NASSAU, BAHAMAS — Chief Medical Officer Dr Pearl McMillan revealed yesterday that there have been several instances of coronavirus cases recovering and becoming reinfected from the virus, though her claim was not widely supported by other healthcare professionals.
“We would have had reports of reinfections — well, persons who would have been infected previously being infected again,” McMillan said.
“I have Dr [Indira] Martin from the reference lab.
“I’m not sure if she is in a position to speak to what she is seeing in the lab setting, but we did have one or two situations where persons who would have been previously infected…and would have been reinfected.”
But Martin, who heads the Bahamas National Reference Laboratory, suggested those reinfections had not been determined scientifically.
“So, the thing about reinfection is that one of the criteria that we use to say that it is specifically a reinfection is that we have to perform genomic sequencing on that sample and, as you would be aware, we do not have that capacity in-country,” Martin said.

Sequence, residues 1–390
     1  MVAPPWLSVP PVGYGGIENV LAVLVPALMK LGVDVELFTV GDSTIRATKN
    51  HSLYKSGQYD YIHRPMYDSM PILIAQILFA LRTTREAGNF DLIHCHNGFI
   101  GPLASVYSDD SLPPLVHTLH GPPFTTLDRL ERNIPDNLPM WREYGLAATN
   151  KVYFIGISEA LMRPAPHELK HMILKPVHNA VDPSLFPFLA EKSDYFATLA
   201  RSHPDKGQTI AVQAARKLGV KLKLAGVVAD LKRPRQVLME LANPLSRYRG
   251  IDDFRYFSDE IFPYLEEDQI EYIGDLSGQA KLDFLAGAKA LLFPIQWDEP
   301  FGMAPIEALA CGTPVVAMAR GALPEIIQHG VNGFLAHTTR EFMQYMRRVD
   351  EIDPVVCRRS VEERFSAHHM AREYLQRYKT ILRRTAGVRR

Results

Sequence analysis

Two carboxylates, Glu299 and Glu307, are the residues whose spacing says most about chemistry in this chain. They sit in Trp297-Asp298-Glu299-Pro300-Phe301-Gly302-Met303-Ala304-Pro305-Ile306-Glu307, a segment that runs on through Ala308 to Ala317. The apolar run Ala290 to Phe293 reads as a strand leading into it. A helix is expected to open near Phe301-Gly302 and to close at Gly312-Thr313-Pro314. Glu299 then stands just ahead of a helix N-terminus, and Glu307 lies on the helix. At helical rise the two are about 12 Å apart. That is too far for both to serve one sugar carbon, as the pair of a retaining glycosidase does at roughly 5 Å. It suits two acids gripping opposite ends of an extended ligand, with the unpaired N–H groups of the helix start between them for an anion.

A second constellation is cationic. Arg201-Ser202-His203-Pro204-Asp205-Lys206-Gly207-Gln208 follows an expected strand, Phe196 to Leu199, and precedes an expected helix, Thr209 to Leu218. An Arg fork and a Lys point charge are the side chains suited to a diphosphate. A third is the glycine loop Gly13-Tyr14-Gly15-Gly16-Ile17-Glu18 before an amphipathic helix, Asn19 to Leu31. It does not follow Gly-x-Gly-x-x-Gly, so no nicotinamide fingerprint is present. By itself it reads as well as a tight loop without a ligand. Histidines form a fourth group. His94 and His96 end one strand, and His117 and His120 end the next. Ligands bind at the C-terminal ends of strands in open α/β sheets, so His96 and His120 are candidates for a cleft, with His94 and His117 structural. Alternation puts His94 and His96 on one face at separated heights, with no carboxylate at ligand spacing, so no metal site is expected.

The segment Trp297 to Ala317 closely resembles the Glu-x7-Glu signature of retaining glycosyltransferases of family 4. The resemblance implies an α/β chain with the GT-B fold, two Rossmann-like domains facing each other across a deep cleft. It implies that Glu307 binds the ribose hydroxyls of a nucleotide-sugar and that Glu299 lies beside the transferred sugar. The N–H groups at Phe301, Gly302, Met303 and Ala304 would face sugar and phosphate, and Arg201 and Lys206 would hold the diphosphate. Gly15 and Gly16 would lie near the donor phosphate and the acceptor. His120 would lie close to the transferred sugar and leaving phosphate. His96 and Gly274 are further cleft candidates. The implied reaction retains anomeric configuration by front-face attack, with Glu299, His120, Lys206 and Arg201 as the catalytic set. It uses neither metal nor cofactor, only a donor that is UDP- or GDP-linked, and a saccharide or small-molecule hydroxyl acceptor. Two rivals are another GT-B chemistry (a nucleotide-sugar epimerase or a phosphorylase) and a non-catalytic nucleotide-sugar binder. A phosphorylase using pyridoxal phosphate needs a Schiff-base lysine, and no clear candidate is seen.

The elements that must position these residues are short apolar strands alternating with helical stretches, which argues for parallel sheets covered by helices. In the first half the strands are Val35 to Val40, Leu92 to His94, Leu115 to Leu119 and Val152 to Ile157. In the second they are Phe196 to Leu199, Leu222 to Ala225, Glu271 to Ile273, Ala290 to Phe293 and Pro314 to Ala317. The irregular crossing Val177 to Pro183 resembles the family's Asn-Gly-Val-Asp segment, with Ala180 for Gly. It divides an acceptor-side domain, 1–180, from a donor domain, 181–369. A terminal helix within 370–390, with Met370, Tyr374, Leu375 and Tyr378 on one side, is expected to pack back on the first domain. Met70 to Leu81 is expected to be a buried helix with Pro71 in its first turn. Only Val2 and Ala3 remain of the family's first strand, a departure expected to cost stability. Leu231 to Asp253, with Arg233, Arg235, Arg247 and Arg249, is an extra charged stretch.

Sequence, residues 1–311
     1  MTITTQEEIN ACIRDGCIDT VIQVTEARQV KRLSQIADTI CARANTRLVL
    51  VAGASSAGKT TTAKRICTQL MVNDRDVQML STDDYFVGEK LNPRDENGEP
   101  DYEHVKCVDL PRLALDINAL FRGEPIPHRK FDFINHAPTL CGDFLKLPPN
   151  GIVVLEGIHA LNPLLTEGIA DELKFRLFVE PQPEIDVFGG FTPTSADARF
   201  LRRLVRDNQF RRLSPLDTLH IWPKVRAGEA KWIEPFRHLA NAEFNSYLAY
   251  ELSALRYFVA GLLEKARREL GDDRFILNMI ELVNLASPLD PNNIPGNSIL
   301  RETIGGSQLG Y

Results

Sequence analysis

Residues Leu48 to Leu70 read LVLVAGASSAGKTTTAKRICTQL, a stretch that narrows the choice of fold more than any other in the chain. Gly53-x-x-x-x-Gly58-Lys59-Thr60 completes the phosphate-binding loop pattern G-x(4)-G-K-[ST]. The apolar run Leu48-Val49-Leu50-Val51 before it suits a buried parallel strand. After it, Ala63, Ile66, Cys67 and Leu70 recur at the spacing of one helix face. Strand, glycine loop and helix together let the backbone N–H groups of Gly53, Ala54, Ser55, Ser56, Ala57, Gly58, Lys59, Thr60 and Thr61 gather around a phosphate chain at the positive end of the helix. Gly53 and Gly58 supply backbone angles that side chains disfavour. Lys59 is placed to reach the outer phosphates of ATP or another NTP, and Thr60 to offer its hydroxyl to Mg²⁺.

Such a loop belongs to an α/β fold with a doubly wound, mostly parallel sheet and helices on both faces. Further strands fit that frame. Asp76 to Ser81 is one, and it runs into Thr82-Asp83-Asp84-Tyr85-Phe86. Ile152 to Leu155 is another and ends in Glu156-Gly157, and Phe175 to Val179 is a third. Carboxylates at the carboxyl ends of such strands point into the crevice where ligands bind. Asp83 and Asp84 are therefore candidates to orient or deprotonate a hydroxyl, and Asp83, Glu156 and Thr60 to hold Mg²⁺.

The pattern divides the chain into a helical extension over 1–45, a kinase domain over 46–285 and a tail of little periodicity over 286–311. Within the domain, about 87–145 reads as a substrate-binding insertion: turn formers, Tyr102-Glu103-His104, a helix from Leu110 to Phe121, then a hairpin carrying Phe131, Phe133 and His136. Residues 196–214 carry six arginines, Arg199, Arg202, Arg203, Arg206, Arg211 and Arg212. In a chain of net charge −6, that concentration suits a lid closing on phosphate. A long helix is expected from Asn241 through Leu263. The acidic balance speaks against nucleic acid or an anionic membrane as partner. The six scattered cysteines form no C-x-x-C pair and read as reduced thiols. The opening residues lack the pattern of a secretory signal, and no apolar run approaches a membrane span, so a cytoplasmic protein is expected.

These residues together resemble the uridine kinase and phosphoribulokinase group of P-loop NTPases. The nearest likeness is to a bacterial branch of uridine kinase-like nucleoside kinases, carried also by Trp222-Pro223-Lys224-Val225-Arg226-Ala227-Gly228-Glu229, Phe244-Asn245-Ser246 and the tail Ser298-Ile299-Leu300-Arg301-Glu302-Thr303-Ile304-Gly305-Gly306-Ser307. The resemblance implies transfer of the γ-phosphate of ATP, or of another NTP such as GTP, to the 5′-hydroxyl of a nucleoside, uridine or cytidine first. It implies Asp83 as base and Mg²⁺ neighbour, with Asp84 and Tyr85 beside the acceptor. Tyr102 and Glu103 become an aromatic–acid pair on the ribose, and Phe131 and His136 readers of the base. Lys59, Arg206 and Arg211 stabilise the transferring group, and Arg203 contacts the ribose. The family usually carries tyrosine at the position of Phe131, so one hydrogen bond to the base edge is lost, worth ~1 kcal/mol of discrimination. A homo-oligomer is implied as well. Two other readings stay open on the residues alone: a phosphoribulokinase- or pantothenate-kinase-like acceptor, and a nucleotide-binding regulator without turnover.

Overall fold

“That being said, what we have done is set up a proactive approach to studying reinfections going forward so those samples will be retained by the lab.
“It may not be our lab, but whichever lab would have recorded the reinfection, we’re asking them to retain that sample and then we would include it in our genomic surveillance in order to say that this is a true reinfection.”
Director of the National HIV/AIDS and Infectious Disease Programme Dr Nikkiah Forbes also indicated health officials could not confirm a reinfection at this time, echoing Martin.
“That is correct,” she said.
“To say without a shadow of a doubt that a patient is reinfected with COVID requires genomic sequencing and the reason for that is because there are many other respiratory viruses that can present with similar features of COVID-19.
“And so, there is actually a set criterion for how one would determine the patient has been reinfected.
“There has to be a certain period of time, at least three months that has passed by (since the patient first contracted the virus), and the strain has to be different, so we cannot confirm that at this time.”
The issue of COVID-19 reinfection arose last October after former Minister of Health Dr Duane Sands said there were at least two patients reinfected with the virus, noting the patients tested positive for the virus, recovered and were asymptomatic for an intervening period of time, then eventually tested positive again.
A month later, however, Forbes told Eyewitness News there had been no clinical evidence to support a reinfection of COVID-19 in The Bahamas.
Although rare, cases of reinfections have been reported in other jurisdictions.